The Government has taken on board dairy sector feedback in its revised Essential Freshwater package but issues remain, says DairyNZ.
A number of new names are making their debut as some of the country's highest ranked artificial breeding bulls.
Twelve new 2011-born (12-code) bulls have knocked some of their ancestors off the RAS list after the DairyNZ animal evaluation update on October 10 incorporated herd testing data from new offspring now being milked on farms around the country.
Jersey bull Bonacord TGM Brock leads the group of new graduates from LIC's sire proving scheme, taking out the top spot for his breed on the RAS list and as the highest ranked young graduate across all breeds (Cross, Friesian and Jersey).
He joins Lynbrook PS Solar-Keet (KiwiCross™) and San Ray FM Beamer (Holstein-Friesian), as the new trio of top bulls for their breeds. The three bulls are owned by farmer-owned cooperative LIC, which breeds about three quarters of the national dairy herd.
Following the animal evaluation update, the co-op's stable now holds 14 of the top 15 bulls across all breeds and 18 of the top 20 Holstein-Friesians.
It is a great result for New Zealand's dairy farmers, says LIC bull acquisition manager Malcolm Ellis.
"Given that we are responsible for around three out of four calves born on New Zealand dairy farms, we have a responsibility to continue to drive genetic gain for the industry and our farmers, and set new benchmarks in production efficiency.
"These results will not only reaffirm their investment into high quality genetics this season, but also their co-op's investment into breeding programmes to deliver new genetics which supersede the previous generation."
Ellis says the results are a culmination of a solid breeding programme, outstanding sire proving scheme and careful selection criteria.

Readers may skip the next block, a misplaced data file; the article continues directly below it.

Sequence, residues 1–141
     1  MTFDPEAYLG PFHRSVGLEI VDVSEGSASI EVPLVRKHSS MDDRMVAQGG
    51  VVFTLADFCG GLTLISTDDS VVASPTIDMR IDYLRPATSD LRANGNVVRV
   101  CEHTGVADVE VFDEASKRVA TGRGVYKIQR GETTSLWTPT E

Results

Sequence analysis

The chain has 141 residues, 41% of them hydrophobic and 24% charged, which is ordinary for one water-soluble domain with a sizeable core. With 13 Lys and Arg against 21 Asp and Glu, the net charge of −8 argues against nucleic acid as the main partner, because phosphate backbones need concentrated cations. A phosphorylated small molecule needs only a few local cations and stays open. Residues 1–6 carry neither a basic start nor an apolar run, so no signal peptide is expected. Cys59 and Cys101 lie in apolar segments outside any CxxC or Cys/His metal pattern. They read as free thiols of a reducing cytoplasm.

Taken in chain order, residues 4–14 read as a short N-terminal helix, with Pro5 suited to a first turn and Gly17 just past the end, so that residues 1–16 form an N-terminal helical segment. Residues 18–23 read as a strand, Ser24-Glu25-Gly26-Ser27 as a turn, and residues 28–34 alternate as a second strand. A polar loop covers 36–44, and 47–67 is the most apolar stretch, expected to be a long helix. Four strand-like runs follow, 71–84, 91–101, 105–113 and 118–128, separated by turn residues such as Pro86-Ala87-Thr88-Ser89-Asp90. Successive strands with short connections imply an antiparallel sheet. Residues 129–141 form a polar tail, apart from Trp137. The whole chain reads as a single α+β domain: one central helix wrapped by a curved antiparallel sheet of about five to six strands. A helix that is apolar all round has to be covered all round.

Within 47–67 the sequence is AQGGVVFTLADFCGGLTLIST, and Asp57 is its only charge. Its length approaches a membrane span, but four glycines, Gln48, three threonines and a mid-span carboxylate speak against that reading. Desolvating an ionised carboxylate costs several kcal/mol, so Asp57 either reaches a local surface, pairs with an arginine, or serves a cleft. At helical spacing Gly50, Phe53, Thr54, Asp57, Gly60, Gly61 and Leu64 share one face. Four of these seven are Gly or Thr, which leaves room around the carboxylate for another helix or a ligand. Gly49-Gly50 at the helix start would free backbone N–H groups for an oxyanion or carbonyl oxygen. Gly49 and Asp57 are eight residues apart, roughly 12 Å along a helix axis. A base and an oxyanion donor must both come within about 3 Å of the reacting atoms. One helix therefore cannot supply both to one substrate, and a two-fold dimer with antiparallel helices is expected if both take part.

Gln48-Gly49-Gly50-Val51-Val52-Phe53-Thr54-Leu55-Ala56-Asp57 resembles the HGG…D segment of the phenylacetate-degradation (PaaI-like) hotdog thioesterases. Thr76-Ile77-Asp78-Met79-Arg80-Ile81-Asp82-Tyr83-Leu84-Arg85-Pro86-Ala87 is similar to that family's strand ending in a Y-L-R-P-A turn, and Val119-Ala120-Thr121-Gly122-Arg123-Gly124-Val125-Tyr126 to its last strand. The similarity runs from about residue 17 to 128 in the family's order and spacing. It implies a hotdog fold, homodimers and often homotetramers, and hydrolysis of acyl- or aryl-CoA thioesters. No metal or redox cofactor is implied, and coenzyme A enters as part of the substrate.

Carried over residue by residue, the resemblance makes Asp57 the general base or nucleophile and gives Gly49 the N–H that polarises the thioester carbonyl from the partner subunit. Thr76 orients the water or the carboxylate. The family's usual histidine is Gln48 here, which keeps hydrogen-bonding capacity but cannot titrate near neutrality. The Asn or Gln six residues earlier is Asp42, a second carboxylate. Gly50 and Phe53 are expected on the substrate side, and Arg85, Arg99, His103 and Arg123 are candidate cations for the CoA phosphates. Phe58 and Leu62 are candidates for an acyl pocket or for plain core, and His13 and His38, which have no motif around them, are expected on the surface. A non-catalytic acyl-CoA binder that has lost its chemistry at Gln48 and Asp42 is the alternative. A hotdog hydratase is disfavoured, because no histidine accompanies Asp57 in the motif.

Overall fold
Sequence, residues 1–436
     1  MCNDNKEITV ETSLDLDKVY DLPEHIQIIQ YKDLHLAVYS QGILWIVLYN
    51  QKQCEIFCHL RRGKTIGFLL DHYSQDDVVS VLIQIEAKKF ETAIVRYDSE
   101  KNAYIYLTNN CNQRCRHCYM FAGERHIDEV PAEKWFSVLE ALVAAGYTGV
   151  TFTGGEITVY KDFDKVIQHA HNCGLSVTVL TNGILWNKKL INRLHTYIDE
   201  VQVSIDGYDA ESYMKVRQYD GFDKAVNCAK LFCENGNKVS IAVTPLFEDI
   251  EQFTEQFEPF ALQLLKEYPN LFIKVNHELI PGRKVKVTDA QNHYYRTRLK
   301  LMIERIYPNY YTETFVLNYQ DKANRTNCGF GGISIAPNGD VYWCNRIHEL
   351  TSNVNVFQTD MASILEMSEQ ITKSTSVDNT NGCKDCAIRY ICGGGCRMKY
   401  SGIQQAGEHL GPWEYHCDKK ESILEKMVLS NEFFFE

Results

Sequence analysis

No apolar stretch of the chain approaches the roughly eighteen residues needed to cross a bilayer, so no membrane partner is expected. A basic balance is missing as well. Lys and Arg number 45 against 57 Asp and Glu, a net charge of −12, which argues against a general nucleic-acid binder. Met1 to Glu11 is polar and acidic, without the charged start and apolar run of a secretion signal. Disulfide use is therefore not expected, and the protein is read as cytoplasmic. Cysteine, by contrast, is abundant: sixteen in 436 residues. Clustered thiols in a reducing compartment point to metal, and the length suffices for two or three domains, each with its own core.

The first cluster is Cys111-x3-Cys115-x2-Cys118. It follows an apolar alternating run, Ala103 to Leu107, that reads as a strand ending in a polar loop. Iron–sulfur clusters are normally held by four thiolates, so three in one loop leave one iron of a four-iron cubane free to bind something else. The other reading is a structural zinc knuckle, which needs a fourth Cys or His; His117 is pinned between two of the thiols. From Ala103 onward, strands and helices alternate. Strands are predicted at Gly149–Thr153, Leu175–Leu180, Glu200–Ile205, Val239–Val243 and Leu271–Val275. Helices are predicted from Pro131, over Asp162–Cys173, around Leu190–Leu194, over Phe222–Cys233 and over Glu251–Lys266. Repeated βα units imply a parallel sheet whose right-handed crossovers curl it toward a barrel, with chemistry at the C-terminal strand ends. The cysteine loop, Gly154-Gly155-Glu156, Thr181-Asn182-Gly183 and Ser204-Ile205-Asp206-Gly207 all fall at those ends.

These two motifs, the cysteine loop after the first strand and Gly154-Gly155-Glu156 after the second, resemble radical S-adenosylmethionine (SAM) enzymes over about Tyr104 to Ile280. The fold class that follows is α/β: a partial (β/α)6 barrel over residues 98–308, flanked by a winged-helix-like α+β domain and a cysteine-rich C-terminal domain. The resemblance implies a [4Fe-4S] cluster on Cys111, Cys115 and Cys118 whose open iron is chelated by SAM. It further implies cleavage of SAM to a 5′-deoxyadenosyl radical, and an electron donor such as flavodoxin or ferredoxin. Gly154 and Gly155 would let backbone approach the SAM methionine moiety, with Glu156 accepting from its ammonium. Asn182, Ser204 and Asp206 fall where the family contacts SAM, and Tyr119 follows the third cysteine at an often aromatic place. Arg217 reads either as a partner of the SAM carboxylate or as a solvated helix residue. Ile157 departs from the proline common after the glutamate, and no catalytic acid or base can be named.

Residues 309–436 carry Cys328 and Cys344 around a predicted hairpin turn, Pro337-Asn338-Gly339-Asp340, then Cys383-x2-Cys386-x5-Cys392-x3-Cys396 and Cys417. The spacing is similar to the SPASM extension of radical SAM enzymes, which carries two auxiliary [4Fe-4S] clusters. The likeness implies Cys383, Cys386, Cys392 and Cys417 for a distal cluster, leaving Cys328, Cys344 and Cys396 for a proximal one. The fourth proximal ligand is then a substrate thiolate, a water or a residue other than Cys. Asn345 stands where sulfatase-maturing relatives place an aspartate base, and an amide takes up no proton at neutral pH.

"One of the things I really enjoy about this job is that you can't hide from the numbers. Everything is measured. If you pick bulls of high genetic merit they will deliver on the RAS list.
"Often individual farmers have elements of personal selection criteria but the RAS list is the industry's independent measure of excellence, based on the industry-designed and owned national breeding objective."
A number of the new 2011-born bulls will now form part of LIC's premier Forward Pack team, available to farmers this spring.
Ellis says their addition will strengthen the team's appeal to many farmers who are looking to get their hands on the fresh new genetics for their herd as early as possible.
New number one Jersey sire – Bonacord TGM Brock
The country's new number one Jersey sire, Bonacord TGM Brock 312023, was born in Outram, south of Dunedin by Peter and Raelene Allison and family.
Born in 2011, Brock's elite status as an artificial breeding sire was originally identified in his DNA, which saw him enter LIC's Sire Proving Scheme (SPS) in 2012 and become available in the co-op's genomically selected Premier Sires team.
From this early utilisation and now freshly graduated from SPS, Brock has 328 daughters milking on farms around the country. With their herd testing data now available, he has debuted onto the DairyNZ RAS list (10 October 2014) with 280 breeding worth (BW) and 74% reliability.
By the end of this season, he will have just over 1000 daughters. He also has two half-brothers in LIC's sire proving pipeline and three other relatives.
Following the DairyNZ animal evaluation update, Brock has joined LIC's premier Forward Pack of bulls available to farmers this spring, taking the Jersey team up to average 281BW.